Sixthly, there is the challenge of identifying and protecting refugees within broader migration movements. UNHCR's mandate does not extend to migrants generally. It is, at the same time, a fact that refugees often move within broader mixed migratory flows. UNHCR is pursuing a variety of initiatives at the interface between asylum and migration so that people in need of protection find it and people who wish to migrate have options other than through resorting to the asylum channel. This is obviously a problem for our European partners, but not only. Interestingly, it is also a growing feature of the refugee dynamic on this continent as well.

In all of this, the 1951 Convention regime has to retain its central place. While the Refugee Convention may be five decades old, it is, as I mentioned earlier, certainly not outdated. There are some 145 states that are party to one or both of these instruments and the number continues to grow. States parties met for the first time, as a community of states joined through Convention membership, in December 2001. At that meeting in Geneva, Switzerland, they recommitted themselves formally to the instrument and its strengthened implementation. This was an event really of some significance, as it was the 1951 Convention which put in place the enduring foundation for refugee protection. It provided a global definition of who is a refugee and established the baseline principles, including:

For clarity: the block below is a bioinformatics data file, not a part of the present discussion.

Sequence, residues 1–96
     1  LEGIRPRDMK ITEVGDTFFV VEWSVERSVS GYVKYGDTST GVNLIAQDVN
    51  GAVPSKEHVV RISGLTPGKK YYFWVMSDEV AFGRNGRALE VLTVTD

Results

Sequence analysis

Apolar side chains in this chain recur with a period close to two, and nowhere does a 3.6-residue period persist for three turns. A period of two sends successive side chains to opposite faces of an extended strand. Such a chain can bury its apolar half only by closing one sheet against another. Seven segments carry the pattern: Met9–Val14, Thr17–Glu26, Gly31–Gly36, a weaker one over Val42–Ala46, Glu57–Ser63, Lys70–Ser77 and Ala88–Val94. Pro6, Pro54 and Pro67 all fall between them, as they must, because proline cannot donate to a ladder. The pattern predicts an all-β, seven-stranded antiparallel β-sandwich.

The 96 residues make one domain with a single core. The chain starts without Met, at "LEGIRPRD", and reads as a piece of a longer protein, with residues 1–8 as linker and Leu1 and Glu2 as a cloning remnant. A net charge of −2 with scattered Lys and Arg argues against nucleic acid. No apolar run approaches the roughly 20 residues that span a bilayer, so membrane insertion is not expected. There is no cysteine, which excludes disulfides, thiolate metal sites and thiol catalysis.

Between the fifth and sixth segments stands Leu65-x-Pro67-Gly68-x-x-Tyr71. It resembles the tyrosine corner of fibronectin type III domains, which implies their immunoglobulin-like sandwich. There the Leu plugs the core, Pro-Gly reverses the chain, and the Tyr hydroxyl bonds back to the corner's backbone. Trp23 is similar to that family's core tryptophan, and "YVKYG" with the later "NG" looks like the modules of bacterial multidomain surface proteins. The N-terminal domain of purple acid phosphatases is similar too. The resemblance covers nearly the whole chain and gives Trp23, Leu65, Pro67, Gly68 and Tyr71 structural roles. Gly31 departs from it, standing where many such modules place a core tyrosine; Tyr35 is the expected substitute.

• That the refugees should not be returned to face persecution or the threat of persecution (the principle of non-refoulement);
  • That persons escaping persecution cannot be expected to leave their country and enter another country in a regular manner and, accordingly, should not be penalized for having entered into or for being illegally in the asylum country;
  • That given the very serious consequences the expulsion of refugees may have, such a measure should only be adopted in exceptional circumstances directly affecting national security or public order;
  • That protection must be extended to all refugees without discrimination;
  • That the problem of refugees is social and humanitarian in nature, and therefore should not become a source of tension between States;